*cough* When a large chunk of your cast are incarnations of Norse Gods (or something) living and rooting round the corner from Cheryl West, of course it bloody is – and you’re in very fine company at that. (Series one of Misfits was a pleasant surprise last year, and what I've seen of series two just keeps getting better.)

    Don’t worry, I won’t out you guys. :) Still, many thanks for suggesting a hook for a post next week.

    North Shore, Auckland • Since Nov 2006 • 11614 posts Report Reply

  • Islander, in reply to Cecelia,

    "The Makutu on Mrs Jones" was good, as a story and filmically- and I totally agree with your other point: there is a long Polynesian history of mahu/ fa'afa'ine so- WTF?
    The whole sorry spectacle reminded me yet again of what I learned as a tv director: only some adaptations of written material work in front of the camera and- what I added later - some things only work behind your eyes-

    Big O, Mahitahi, Te Wahi … • Since Feb 2007 • 5643 posts Report Reply

  • Simon Bennett,

    Okay, fairy nuff Craig.

    However, it doesn’t tick the boxes of the fantasy genre. It’s more a male orientated sex comedy, with dramatic twists. And rooting.

    Auckland • Since Nov 2006 • 140 posts Report Reply

  • Aotearoan,

    The book "Nights in the gardens of Spain" was OK actually and caught an era of gay life when people were less at ease with coming out & it was love in the time of AIDS- something not addressed at all by the "updated" treatment.

    I too hate to bag local drama, but this was trite shite. It took a good heartful and important story about whanau & sexuality and the pain and joy of being who you are in front of the world and rendered it into clichés.

    Northland • Since Jan 2011 • 6 posts Report Reply

  • Cecelia, in reply to Islander,

    Islander, I was very fond of "Hooks and Feelers", story and film too. Same series? Winners and Losers????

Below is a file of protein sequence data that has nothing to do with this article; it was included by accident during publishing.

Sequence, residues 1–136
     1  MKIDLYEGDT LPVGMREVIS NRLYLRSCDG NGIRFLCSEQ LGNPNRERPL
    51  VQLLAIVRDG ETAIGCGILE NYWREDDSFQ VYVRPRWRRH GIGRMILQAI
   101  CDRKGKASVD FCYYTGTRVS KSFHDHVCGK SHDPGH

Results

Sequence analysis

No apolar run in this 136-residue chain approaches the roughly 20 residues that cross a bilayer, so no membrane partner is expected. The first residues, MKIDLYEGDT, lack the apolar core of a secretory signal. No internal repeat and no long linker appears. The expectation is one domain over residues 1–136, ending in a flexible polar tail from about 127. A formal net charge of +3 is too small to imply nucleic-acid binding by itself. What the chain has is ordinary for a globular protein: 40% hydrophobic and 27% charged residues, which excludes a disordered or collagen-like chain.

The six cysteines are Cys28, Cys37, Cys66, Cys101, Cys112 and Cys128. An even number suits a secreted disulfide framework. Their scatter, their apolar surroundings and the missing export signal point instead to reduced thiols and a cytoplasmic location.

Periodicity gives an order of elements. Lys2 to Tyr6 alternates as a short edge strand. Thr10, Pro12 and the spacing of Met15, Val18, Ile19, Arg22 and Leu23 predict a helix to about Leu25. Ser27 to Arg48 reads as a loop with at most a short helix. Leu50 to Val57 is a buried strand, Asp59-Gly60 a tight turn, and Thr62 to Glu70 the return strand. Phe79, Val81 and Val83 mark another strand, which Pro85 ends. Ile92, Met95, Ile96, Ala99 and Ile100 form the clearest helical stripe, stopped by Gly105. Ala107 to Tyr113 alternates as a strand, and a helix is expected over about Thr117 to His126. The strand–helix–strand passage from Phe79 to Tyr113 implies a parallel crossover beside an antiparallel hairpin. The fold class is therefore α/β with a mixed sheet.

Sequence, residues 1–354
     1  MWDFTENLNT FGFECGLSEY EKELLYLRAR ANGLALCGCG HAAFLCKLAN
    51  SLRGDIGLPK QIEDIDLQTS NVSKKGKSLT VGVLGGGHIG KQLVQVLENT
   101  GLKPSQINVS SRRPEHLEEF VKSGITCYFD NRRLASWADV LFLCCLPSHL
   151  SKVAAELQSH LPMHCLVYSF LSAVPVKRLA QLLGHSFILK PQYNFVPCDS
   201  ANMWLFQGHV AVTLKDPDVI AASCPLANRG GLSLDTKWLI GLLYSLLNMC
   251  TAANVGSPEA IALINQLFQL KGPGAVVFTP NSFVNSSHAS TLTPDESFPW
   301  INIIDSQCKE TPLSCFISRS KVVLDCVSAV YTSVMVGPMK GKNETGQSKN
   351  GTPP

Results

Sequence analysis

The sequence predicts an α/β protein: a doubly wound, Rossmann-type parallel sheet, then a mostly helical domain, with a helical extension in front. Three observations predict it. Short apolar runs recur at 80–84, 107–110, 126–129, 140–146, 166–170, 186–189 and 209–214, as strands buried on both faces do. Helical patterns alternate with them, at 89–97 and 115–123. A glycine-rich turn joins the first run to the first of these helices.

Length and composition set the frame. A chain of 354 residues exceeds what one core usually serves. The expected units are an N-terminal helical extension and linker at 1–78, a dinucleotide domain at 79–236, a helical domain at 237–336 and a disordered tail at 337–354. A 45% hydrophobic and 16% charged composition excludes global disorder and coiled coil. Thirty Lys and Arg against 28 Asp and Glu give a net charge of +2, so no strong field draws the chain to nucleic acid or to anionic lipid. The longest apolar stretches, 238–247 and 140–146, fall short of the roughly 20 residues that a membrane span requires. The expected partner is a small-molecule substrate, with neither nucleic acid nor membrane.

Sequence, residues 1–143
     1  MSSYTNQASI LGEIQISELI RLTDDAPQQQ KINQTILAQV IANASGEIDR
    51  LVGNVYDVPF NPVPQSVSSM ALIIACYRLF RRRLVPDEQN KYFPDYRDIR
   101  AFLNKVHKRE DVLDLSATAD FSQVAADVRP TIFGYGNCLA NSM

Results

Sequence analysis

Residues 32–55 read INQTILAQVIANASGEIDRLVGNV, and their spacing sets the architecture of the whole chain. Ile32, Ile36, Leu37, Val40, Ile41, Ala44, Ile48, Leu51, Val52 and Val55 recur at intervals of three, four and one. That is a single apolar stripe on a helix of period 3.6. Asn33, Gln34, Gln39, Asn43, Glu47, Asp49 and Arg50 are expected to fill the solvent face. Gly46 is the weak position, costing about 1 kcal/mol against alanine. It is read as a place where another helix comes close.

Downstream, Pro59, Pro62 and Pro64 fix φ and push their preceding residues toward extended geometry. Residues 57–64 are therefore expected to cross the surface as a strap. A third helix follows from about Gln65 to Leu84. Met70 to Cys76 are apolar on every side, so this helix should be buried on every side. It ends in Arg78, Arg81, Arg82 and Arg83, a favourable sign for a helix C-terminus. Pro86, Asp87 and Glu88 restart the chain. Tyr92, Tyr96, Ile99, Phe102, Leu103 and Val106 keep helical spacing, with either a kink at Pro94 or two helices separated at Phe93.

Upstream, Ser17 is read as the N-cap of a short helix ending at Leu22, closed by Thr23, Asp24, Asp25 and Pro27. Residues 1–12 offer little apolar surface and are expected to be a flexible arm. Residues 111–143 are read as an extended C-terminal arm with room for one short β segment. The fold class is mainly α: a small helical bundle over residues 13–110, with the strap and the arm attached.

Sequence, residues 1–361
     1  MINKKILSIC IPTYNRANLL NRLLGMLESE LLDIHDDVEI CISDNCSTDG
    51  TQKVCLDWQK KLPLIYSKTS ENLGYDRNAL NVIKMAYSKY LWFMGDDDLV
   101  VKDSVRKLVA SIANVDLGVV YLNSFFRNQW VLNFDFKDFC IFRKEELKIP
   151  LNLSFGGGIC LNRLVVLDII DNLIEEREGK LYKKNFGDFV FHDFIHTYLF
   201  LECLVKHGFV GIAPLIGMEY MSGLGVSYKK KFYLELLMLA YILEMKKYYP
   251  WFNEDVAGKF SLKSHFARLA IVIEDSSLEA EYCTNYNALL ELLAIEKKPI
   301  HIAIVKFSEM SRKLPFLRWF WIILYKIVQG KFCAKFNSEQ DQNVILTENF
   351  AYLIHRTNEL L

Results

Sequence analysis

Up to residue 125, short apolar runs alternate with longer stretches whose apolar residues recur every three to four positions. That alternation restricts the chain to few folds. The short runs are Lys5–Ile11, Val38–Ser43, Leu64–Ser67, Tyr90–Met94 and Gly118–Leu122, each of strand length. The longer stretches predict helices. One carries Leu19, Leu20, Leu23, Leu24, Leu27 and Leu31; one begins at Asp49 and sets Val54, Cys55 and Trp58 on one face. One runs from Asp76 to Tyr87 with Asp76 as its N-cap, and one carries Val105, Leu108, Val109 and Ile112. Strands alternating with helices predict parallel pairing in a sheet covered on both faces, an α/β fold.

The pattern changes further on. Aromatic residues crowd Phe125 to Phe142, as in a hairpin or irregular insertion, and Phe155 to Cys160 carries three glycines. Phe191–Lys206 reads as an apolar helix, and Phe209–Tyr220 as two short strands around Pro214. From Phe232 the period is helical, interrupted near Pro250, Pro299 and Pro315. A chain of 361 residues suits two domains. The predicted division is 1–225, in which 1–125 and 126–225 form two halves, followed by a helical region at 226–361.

Hibiscus Coast • Since Apr 2008 • 505 posts Report Reply

  • Steve Parks,

    [Simon says:] And it really isn’t a fantasy show. There are fantasy elements, but it’s quite unlike anything else, I think.

    You’ve gone from “it’s quite unlike anything else” to “It’s a male orientated sex comedy”.

    It’s hard to know what to make of that promo. I’ll keep an open mind and give it a chance. There were certainly some funny parts (“as Odin I order you to stop that!”.)

    I’m also a bit weary of the “it’s not really a fantasy” claims about these sorts of things. There were ample overtly fantastical parts in that YouTube clip. Fantasy isn’t really a genre that has boxes to be ticked.

    Fantasy

    Fantasy

    Fantasy:

    Wellington • Since May 2007 • 1122 posts Report Reply

  • Kyle Matthews,

    (Series one of Misfits was a pleasant surprise last year, and what I've seen of series two just keeps getting better.)

    Heartily recommend Misfits. In particular the Nathan Young character is fantastically written and brilliantly played. Thanks to the people on here who recommended both that and The Walking Dead which I enjoyed over the Xmas break.

    Since Nov 2006 • 6145 posts Report Reply

  • Craig Ranapia, in reply to Lilith __,

    Critical honesty forces me to admit that a lot of people obviously disagree with me on the merits of the book, otherwise it wouldn't have been continuously in print for fifteen years.

    North Shore, Auckland • Since Nov 2006 • 11614 posts Report Reply

  • Craig Ranapia, in reply to Simon Bennett,

    However, it doesn’t tick the boxes of the fantasy genre. It’s more a male orientated sex comedy, with dramatic twists. And rooting.

    That sounds exactly like Norse mythology to me -- endless trouble caused by short tempers and an inability to keep their dicks in check. :)

    North Shore, Auckland • Since Nov 2006 • 11614 posts Report Reply

  • Islander, in reply to Cecelia,

    Cecelia - the film adaptation of "Hooks & Feelers" came out a looong time ago (1981?1983?) and I have forgotten any details about it (though I think the director was Melanie Reid?) The only copy I have is a -doubtless rotten - video-tape: have never heard of it being re-broadcast...

    And thank you for the comment! "H&F" was soooo long ago, but meant quite a bit, in terms of recognition, for family( "Hey, publication and a prize! You probably can do something!") & self ("I know I bloody well can.")

    Big O, Mahitahi, Te Wahi … • Since Feb 2007 • 5643 posts Report Reply

  • Tamara,

    Yes, I finally caught up on NITGOS last night, which I only watched because I had enjoyed the book. And yes, super disappointing.

    New Zealand • Since Oct 2010 • 96 posts Report Reply